Computational biology is just one of a number of terms used to describe work at the computer science/life science interface; other terms used include bioinformatics, biocomputing, biohealth informatics and systems biology. Here we briefly outline the skills required for work in this exciting interdisciplinary area, and then provide examples of a few current research projects at this interface. If you would like to more about our courses for professional development in biology/computer science, please choose a tab above to link to course information. There are more examples of research projects on the projects and the publications pages.
While different projects will require different sets of specific skills, a successful project requires people with the core skills that will enable them to work together as a team. People with a background in the biosciences will need to develop skills in computer science, and computer scientists will need to understand biological data.
- Biological data
- The high-throughput methods are producing huge amounts of data on the genome, the transcriptome, the proteome and the metabolome. Computer scientists need to understand how life scientists describe their data. Life scientists need to understand how data should be formatted for efficient processing, and also the importance of the capture of metadata.
- Understanding the basics of unix
- The amount of data being produced, particularly by the high throughput sequencers, means that efficient file management is critical.
- Computer programming
- While not all life scientists need to become proficient programmers, an understanding of programming concepts will make it much easier for a life scientist to work in an interdisciplinary project. Proficiency in one language will lower the barrier to proficiency in another programming languages.
Applications of bioinformaticsThe projects described below give just a few examples of current work in computational biology.
African Bovine Sleeping Sickness
The University of Manchester’s Bioinformatics research team has developed a groundbreaking work-flow system that is helping scientists worldwide develop a cure for African Bovine Sleeping Sickness.
The team, who are based in the School of Computer Science, have created an online environment called Taverna that lets scientists share their research findings.
The work-flow system allows scientists in different locations to communicate their research with one another, meaning that they can work collaboratively, and that previous research findings can gain new value.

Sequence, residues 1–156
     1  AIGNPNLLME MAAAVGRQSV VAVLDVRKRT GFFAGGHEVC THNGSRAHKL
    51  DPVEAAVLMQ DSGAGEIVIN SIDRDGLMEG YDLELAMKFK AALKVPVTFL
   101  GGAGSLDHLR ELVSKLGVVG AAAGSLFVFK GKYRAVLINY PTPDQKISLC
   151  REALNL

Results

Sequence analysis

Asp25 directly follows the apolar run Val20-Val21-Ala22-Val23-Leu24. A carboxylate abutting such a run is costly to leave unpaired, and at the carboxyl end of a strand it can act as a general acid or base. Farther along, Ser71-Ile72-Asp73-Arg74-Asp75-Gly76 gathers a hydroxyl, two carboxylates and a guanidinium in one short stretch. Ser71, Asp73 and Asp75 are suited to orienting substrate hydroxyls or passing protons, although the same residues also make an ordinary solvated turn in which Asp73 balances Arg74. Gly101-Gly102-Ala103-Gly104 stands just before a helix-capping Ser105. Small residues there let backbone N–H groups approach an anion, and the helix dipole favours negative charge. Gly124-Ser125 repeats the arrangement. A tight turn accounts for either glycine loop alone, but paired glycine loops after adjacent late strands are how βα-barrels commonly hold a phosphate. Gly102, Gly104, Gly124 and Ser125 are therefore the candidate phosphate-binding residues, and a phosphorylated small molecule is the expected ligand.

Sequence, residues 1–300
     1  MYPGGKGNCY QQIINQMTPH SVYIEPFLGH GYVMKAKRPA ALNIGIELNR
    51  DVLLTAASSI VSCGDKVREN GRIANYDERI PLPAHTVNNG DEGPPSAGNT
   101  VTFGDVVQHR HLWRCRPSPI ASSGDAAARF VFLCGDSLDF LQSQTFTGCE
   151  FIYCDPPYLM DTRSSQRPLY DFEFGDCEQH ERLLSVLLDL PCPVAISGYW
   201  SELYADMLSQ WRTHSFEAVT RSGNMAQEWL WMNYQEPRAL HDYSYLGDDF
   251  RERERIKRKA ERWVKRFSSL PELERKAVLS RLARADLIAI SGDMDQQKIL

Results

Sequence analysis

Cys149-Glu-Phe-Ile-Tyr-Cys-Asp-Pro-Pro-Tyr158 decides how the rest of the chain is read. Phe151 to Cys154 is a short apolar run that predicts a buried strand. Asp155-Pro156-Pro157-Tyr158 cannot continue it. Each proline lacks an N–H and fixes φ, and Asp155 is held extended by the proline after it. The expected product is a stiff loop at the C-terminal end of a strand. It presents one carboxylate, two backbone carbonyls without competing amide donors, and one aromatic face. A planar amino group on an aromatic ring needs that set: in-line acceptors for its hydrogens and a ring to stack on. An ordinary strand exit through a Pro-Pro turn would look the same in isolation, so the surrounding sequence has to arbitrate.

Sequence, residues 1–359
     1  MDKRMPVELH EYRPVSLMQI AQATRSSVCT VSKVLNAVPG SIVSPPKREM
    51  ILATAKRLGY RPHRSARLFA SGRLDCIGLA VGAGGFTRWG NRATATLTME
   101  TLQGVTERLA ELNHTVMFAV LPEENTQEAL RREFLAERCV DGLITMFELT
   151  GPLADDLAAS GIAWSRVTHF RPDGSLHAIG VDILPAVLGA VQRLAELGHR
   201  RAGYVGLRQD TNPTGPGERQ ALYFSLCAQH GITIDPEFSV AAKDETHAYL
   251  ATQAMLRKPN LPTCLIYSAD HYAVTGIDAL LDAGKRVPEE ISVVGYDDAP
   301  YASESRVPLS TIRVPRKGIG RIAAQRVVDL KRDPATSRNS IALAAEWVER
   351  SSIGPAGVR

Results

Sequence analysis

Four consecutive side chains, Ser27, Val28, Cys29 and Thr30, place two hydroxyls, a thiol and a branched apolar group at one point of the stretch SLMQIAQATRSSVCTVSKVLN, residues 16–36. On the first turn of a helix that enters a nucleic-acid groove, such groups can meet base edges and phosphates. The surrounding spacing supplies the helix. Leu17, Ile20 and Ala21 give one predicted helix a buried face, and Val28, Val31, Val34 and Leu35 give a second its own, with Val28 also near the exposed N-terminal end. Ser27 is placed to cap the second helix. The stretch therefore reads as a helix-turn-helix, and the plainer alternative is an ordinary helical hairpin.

As a result, significant breakthroughs are being made to combat African trypanosomiasis, also known as ‘sleeping sickness’, which causes livestock to develop flu-like symptoms.
The disease is spread in the saliva of flies that carry parasites, which then breed in the blood of contaminated cattle. This causes them to develop symptoms including fever, lethargy and joint pain, often resulting in death during sleep.
The sociological implications for communities who depend on agriculture to survive can be devastating, but some cattle have a resistance to the disease.
Andrew Brass, Professor of Bioinformatics from the School of Computer Science, said: “Some African cattle have a unique resistance. We are interested in categorising that resistance.
“The work-flow system significantly aids us in recording research with the cattle on the ground. Previously, during a drought lions could actually eat our research.
“The work-flow system is also helping us in hypothesis generation. We have a huge information management system, that’s where Taverna is important.
“In the past it was easy to be biased. You tended to look where you expected to find results. With the work-flow system in place we can be agnostic in hypothesis generation.
“We can now look more widely, and in doing that we have spotted things we might otherwise have missed.”
Network biologyAs more genome, transcriptome, proteome and interaction data flows from the wet labs, computational biologists are seeking new ways to integrate and mine the data. Biological networks provide important new frameworks within which we can make progress in analysing and visualising the data.
A current theme is the analysis of cancer data, to see how transcription factor networks change with different types of cancer.
There are links to previous projects in network biology from the projects page.
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